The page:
Over at Blogging of the President Matt Stoller is writing about “the intellectual crisis of the left.” He summarizes posts on the subject by Peter Levine and Mark Schmitt of the Decemberist.
I piped in with the following, and repeat the comment here:
Levine writes (as paraphrased by you) that
“Creating a network of left-wing institutions to play hardball politics with the right as the radicals have done (such as Air America to balance Rush Limbaugh), doesn’t make sense, and can only lead to a further fraying of our civic culture.”
I’d like to take issue with that view of what Progressive organizations would do, if only we could get them funded. I’m much closer to Schmitt’s view.
Let’s step back a minute and think about what the Right’s huge advocacy infostructure is and how it affects our politics. First, take a look at Jerry Landray’s Media Transparency article about the huge machine backing up Bush’s campaign efforts, and the recent NCRP study it discusses. (And some of my own research starting here.)
Here’s how I see it: This huge infrastructure of the Right — “the Wurlitzer” — has spent decades softening up the public, spreading right-wing memes through the population, creating “conventional wisdom” that we need “tort reform,” “tax relief,” “school choice,” and that “Social Security is going broke” and many more such themes. So after hearing this, over and over, the public is ready to support politicians offering solutions to these “problems.”
So what these organizations do is lay the groundwork for the Republican Party to come in and harvest votes. It hardly matters who their candidate is, the election script is already written, they just repeat it, and they have this huge chorus backing them up nationwide. So come election time, the public has already been prepped.
Progressives and Moderates have very few real advocacy organizations in place — especially not those that promote general Progressive principals out to the general public. As a result, the public is not prepped for Progressive issues. Our politicians have to educate the public about problems and issues from scratch, alone, and must do it during each election cycle. And not just alone, as in a voice in the wilderness against the huge right-wing chorus, but also they do not get the kind of marketing advice and assistance that organizations like the Heritage Foundation offer.
“Having worked on a presidential campaign in 2000, I came to the conclusion that the hardest thing to do within a campaign, even an idea-driven campaign, is to develop new ideas, because the field operation, the message-of-the-day, the press, dealing with the candidate’s time, etc., consume everyone’s energy. The best a campaign can do is to pick up on and promote ideas already developed, and so I see campaigns as the moment where we measure the availability of new ideas in the larger world, and the success of other groups and people in developing the kind of visions and policy blueprints that candidates can use. If the candidates fail to do so, it is at least in part an indication of the failure of the think tanks or other institutions that are supposed to do the job.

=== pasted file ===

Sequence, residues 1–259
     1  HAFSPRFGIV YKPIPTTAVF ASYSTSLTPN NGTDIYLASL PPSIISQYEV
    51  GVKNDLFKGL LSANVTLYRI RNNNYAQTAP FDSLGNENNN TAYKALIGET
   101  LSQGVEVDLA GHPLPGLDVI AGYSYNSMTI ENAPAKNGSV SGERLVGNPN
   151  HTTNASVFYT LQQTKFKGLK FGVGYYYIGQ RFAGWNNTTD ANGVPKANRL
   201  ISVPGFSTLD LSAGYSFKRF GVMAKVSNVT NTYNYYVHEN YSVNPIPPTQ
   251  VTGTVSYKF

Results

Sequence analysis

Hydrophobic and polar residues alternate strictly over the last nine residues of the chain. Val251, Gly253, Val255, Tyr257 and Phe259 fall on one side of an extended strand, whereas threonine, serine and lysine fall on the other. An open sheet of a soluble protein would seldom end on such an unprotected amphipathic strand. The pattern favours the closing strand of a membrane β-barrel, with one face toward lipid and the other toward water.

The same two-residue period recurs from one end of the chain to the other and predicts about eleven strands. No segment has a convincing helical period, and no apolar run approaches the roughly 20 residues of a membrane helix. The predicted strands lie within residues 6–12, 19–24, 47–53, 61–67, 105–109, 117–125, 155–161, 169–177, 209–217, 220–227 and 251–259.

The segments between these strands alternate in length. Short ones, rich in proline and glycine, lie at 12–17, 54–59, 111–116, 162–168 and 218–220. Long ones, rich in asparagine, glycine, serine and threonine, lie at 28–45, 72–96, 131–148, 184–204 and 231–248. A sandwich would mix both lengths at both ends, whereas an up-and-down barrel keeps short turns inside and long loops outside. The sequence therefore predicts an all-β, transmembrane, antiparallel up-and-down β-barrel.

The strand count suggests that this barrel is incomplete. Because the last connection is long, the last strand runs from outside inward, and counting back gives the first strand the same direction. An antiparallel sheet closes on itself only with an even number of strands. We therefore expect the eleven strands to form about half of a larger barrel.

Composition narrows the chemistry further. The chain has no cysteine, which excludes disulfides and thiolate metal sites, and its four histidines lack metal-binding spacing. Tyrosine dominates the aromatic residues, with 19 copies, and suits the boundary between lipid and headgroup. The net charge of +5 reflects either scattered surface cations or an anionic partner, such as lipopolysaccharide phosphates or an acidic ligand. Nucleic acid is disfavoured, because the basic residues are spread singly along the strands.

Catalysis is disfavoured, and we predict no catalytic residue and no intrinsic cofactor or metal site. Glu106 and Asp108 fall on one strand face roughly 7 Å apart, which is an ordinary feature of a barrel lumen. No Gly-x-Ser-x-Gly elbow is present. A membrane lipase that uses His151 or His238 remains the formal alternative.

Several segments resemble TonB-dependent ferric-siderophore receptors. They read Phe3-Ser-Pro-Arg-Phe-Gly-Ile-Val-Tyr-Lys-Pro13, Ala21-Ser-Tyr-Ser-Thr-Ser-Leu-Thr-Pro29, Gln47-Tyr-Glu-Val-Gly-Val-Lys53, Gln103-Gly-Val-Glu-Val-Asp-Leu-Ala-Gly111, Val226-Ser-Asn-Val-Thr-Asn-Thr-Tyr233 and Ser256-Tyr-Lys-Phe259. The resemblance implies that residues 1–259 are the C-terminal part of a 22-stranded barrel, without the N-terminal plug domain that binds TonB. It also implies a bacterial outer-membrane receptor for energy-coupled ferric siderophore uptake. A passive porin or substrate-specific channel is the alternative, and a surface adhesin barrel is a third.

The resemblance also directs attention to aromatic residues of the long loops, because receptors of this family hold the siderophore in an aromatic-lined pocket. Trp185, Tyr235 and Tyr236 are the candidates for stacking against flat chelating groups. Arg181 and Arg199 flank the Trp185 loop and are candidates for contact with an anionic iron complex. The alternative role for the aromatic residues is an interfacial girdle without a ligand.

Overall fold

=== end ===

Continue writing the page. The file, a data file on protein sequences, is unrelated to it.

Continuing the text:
But I don’t think the problem is that our “think tanks or other institutions” are failing to do the job, I think the problem is that WE are failing to understand that this is the job of these think tanks and other institutions and not the politicians and parties. So it’s really WE who are to blame for not creating and funding them.
We often complain that the “Democratic Party” is not “finding its voice” and is not explaining issues well, etc. We complain that Kerry is not voicing the issues effectively. But look at the other side. Do you think Bush is this amazing master of communications. NO! He just repeats what the right-wing machine feeds him. The Republican Party is little more than the candidate wing of this huge apparatus. So we shouldn’t be blaming the Democratic Party, this is not their job. The job of politicians is to reflect the will of the public. The job of a network of advocacy organizations is to set up that background of public understanding for them.
Politicians on the Right have such an easy job! The public has been hearing decades of “what’s wrong with” public schools, lawsuits, etc. AND hearing “experts” talk about how to solve those problems, so the politicians of the Right just come in and pick up on that.
THAT is the role of the Right’s network of advocacy institutions. The progressive Center for American Progress is one small, small beginning towards doing something about this. But they are just one organization, and their focus is current legislative issues — sort of trying to beat back the tide. The Right has over 500 such organizations in place. They have literally thousand of well-funded operatives. Our side needs people to step up to the plate and start funding these kinds of organizations as well.
So I think that yes, we DO need a network of left-wing institutions. But what I think they should be doing is putting out books, articles, op-ed pieces, and people to talk on the radio and TV, all advocating a return of progressive values of community, democracy, sharing, nurturance, tolerance, etc. I see this as an effort to restore civility, not to further fray our civic culture. I think that leaving the Right’s institutions in charge of the megaphone is what is very, very dangerous to our civic culture. But, as I said, my vision of this is that the organizations are conducting the research into how to better our society, and doing the research on the nest ways to put the word out there, advocating progressive values of community, etc.
(Some time ago I wrote something similar in Don’t Blame the Democrats.)